Evolution and spread of pfhrp2-deleted Plasmodium falciparum in the Democratic Republic of the Congo
BACKGROUND: Malaria killed over 300,000 children under 5 years of age in 2015, with 97% of these deaths occurring in sub-Saharan Africa. One of the cornerstones of modern malaria programs is the use of rapid diagnostic tests (RDTs) instead of traditional microscopy for diagnosis. Recently, false-negative RDT results have been reported in individuals infected with Plasmodium falciparum parasites harboring a deletion of the the pfhrp2 gene.
GAP: It is unknown whether this mutation is evolving and spreading within communities in sub-Saharan Africa.
HYPOTHESIS: Use of RDTs as indicators for treatment is exerting evolutionary pressure favoring the spread of “stealth” parasites, resistant to detection by currently used RDTs.
METHODS: We genotyped parasites using PCR and attempted whole-genome sequencing on parasites identified among subjects in the Democratic Republic of the Congo (DRC).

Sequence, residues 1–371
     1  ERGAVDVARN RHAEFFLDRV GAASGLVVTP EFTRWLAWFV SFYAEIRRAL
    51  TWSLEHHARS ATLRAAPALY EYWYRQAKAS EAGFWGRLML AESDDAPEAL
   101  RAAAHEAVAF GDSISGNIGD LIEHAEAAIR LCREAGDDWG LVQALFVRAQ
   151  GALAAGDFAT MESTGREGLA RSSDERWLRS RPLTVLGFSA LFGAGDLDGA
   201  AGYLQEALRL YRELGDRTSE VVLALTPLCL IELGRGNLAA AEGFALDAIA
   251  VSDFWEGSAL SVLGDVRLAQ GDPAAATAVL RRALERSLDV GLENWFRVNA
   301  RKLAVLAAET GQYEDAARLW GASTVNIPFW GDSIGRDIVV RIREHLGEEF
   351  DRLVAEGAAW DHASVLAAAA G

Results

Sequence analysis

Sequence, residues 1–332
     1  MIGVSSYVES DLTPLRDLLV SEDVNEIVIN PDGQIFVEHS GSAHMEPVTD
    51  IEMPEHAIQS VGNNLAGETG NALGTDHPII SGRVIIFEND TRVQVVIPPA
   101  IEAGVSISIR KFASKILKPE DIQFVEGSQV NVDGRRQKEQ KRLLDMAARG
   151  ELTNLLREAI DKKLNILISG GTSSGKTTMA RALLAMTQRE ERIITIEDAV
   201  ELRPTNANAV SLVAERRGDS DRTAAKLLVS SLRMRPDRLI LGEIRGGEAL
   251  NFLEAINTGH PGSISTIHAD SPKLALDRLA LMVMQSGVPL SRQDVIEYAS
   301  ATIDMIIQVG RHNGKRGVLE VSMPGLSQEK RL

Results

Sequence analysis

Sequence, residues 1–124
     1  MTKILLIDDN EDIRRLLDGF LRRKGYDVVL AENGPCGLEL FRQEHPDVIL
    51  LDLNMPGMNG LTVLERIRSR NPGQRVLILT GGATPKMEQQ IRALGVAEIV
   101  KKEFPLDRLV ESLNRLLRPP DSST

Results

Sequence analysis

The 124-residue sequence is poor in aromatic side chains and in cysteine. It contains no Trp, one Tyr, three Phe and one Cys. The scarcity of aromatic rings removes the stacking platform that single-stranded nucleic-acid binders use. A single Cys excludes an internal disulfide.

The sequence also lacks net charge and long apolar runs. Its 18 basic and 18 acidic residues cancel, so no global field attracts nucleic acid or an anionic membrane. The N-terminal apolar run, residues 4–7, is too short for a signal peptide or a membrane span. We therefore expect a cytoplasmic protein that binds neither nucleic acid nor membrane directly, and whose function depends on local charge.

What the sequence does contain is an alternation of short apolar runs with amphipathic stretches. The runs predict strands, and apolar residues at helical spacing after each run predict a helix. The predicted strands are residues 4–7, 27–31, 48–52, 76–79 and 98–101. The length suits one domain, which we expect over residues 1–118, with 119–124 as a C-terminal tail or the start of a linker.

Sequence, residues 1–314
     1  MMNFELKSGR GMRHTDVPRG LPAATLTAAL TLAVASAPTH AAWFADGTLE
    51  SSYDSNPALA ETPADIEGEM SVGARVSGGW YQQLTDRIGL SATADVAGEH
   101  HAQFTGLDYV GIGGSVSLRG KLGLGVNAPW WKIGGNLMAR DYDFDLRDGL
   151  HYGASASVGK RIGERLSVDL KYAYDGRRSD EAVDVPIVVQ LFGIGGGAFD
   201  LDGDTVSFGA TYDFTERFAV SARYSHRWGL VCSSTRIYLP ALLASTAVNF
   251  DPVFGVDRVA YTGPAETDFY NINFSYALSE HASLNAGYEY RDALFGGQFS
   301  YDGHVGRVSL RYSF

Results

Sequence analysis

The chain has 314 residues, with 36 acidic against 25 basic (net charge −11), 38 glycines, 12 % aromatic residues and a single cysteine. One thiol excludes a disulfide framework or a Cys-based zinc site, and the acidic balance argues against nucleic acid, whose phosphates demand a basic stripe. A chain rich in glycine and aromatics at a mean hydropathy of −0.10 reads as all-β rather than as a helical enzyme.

RESULTS: Initial attempts to whole-genome sequence parasites were successful using dried blood spot (DBS) samples from symptomatic subjects with high parasite densities but failed in DBS samples collected from asymptomatic subjects with lower parasite densities. False-negative RDT results due to parasites with deletions of the pfhrp2 and pfhrp3 genes were not identified in a 2017-18 survey of subjects presenting to DRC government health facilities with symptomatic malaria.
IMPACT: The absence of parasites with these gene deletions among people with symptomatic malaria in this survey supports the continued use of PfHRP2-based RDTs in the DRC. However, reports of pfhrp2/3 gene deletions in the region emphasize the need for ongoing surveillance.